Things We Learned » Ton up

Ton up

When Pat Smullen was booting Brooch to a half-length victory in the Group 3 Denny Cordell Lavarack and Lanwades Stud Stakes at Gowran Park on Sunday, he was notching up his 18th Group race win of 2014 but, more importantly, he was notching up his 100th win of the season in Ireland.

Smullen said afterwards that reaching the ton for the season was just a personal landmark, that it was just a private thing and, in one sense, he is correct. There are no cash prizes for 100 winners in a season, no trophies, no laurels. In another, however, he is not. Statistics and landmarks identify achievement, and this was just another milestone that defines Smullen as one of the most accomplished riders of his generation.

Characteristically, Smullen deflected the achievement, thanked the people who helped him reach the landmark, most notably Dermot Weld, who has supplied the vast majority of his winners (72%). Even so, to ride 100 winners in a season in Ireland is a massive achievement. Only Michael Kinane and Joseph O’Brien have done so this century. To put it into context, you will often win the jockeys’ championship with eighty-odd winners. Kinane won it with 79 in 2002. Smullen himself won it with 67 winners in 2005.

Smullen’s figures are impressive. He reached his total of 100 winners from 461 rides. That’s a strike rate of 21.46%, higher than any other rider who has had more than 12 rides. He has ridden 75 individual winners from 151 horses. He has won on half the horses he has ridden.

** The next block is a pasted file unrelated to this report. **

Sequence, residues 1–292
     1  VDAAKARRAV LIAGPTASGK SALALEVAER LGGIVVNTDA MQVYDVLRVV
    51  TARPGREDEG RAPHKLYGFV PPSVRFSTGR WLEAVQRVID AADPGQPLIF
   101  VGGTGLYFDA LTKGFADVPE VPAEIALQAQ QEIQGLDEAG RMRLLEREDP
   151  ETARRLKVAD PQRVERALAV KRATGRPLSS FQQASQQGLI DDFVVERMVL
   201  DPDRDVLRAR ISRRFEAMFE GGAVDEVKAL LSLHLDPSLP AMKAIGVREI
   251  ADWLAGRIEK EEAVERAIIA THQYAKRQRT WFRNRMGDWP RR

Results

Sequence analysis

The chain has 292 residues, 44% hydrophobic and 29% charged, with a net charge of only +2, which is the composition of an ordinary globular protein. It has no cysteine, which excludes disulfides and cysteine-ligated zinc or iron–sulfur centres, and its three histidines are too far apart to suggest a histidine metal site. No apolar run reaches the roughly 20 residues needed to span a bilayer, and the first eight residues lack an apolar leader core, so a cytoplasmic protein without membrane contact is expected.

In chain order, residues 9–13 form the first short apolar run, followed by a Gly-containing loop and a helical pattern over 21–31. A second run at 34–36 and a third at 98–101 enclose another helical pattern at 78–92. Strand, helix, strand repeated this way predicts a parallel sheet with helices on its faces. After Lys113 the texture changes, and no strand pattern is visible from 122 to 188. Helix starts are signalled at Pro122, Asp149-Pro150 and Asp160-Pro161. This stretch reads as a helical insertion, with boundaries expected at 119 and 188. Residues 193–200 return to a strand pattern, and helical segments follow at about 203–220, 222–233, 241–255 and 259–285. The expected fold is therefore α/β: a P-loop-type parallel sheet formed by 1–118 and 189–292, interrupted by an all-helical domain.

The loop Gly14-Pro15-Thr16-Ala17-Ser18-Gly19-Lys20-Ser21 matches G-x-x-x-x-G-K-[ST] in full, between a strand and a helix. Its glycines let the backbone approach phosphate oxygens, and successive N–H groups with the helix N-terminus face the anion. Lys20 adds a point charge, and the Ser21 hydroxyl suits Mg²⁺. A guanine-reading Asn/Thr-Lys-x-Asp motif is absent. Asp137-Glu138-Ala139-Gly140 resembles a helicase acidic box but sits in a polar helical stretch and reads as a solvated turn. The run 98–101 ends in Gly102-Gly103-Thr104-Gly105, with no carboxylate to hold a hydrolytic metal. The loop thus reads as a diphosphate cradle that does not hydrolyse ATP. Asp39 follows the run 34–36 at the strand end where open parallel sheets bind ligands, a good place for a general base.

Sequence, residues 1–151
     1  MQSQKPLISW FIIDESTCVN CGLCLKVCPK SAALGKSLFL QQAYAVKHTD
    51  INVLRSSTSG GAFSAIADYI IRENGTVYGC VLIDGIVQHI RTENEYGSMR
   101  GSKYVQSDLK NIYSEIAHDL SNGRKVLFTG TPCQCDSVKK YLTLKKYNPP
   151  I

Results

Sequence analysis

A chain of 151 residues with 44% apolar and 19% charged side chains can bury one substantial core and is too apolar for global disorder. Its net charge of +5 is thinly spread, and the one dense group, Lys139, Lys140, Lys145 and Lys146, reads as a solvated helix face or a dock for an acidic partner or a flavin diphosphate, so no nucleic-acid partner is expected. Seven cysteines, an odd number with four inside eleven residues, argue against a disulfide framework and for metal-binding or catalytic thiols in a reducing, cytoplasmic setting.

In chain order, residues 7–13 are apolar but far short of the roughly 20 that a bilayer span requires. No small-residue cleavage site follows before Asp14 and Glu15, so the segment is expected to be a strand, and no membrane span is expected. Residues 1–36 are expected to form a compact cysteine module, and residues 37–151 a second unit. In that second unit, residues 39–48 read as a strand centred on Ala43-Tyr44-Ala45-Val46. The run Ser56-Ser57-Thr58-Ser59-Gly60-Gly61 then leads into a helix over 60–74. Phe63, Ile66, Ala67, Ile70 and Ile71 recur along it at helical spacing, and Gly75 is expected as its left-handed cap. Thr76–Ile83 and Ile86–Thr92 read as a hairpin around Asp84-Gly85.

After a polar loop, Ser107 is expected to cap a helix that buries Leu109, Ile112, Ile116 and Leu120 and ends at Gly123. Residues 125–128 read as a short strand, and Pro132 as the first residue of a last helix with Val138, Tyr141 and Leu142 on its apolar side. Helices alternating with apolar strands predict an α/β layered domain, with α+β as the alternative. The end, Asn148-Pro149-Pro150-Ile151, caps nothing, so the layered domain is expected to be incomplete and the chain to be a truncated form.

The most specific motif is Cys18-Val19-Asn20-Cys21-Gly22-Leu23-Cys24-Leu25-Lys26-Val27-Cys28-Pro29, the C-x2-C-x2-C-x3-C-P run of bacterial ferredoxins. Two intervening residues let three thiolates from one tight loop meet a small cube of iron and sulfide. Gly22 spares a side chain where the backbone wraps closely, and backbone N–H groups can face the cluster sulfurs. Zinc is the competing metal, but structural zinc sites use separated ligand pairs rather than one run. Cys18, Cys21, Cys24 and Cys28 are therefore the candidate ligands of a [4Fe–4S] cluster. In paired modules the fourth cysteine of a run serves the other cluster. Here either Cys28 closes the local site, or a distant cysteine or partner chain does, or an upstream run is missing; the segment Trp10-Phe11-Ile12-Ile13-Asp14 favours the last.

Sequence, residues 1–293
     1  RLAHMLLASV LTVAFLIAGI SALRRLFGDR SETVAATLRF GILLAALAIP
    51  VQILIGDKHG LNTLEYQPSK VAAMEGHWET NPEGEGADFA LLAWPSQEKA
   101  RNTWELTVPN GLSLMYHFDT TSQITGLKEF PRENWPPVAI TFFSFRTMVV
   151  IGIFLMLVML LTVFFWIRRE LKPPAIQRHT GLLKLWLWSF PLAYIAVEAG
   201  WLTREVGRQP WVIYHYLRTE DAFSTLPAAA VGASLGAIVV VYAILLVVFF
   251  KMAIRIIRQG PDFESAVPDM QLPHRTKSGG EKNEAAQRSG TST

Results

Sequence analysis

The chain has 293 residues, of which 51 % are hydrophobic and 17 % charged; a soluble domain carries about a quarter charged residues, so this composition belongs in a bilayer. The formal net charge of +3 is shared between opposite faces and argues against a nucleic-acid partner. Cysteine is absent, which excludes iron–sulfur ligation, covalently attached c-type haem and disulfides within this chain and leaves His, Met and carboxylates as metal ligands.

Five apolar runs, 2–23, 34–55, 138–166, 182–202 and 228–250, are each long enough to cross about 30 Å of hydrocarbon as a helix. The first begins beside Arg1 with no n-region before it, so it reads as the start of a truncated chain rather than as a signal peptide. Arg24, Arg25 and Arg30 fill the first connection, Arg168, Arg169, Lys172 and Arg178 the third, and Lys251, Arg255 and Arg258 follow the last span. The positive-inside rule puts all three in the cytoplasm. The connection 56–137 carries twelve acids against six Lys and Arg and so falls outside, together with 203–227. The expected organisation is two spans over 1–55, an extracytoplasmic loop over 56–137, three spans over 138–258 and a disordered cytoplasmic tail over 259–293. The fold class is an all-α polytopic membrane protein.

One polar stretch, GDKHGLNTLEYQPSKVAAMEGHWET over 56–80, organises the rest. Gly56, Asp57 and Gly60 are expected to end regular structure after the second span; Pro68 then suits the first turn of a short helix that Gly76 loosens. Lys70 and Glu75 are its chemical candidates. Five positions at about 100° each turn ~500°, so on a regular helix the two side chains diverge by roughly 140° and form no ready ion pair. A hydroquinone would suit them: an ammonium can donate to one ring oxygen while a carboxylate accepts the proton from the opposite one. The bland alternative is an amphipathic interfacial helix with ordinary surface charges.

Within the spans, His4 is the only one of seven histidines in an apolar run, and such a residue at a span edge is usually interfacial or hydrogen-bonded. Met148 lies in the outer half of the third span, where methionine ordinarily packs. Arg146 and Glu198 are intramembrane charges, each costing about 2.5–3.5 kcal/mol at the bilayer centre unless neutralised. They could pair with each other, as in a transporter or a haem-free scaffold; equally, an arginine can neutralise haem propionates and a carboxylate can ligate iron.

And it is not just about this season either. Since the turn of the millennium, according to Smullen has ridden 1,282 winners in Ireland, 380 more than any other rider.

While the figures do not lie, it is not only about the figures for Smullen. He has been superb in some of the top races this season. On Mustajeeb in the Jersey Stakes, on Alexander Anthem in the Queen Mary Stakes, on Pale Mimosa in the Lonsdale Stakes, on Tarfasha in the Blandford Stakes. No dramatics, he just keeps it simple, rides efficiently and maximises his horse’s chance of winning. That is what top class jockeys do.

It is remarkable that it took his ride on the Hugo Palmer-trained Short Squeeze in the Clipper Logistics Handicap at York’s Ebor meeting for Smullen to begin to gain traction in Britain. William Haggas is well aware of his talents and uses him regularly. Kevin Ryan has been using him for a few years now, likewise Richard Fahey and Ed Dunlop. Now add Hugo Palmer, David Brown, Olly Stevens, Roger Charlton.

Today, as well as riding Anthem Alexander for Eddie Lynam in the Cheveley Park Stakes, Smullen rides Gabrial’s Kaka for Richard Fahey in the Cambridgeshire and Runner Runner for George Baker in the fillies’ nursery. He has never ridden for George Baker before.

If you were to close the book on the 2014 season right now and write The End, it would still have been some season for Pat Smullen. But the end may be a fair way off yet, and there could be another page or two for Pat Smullen to write.

Quartz time

Quartz will presumably always have a special place in the O’Brien household, given that he is the horse who carried young Donnacha to his first success as a rider. But it may be that the Fastnet Rock colt’s claim to fame will, in time, extend beyond that, as he looked really good in providing the young rider with his second victory at Gowran Park on Sunday.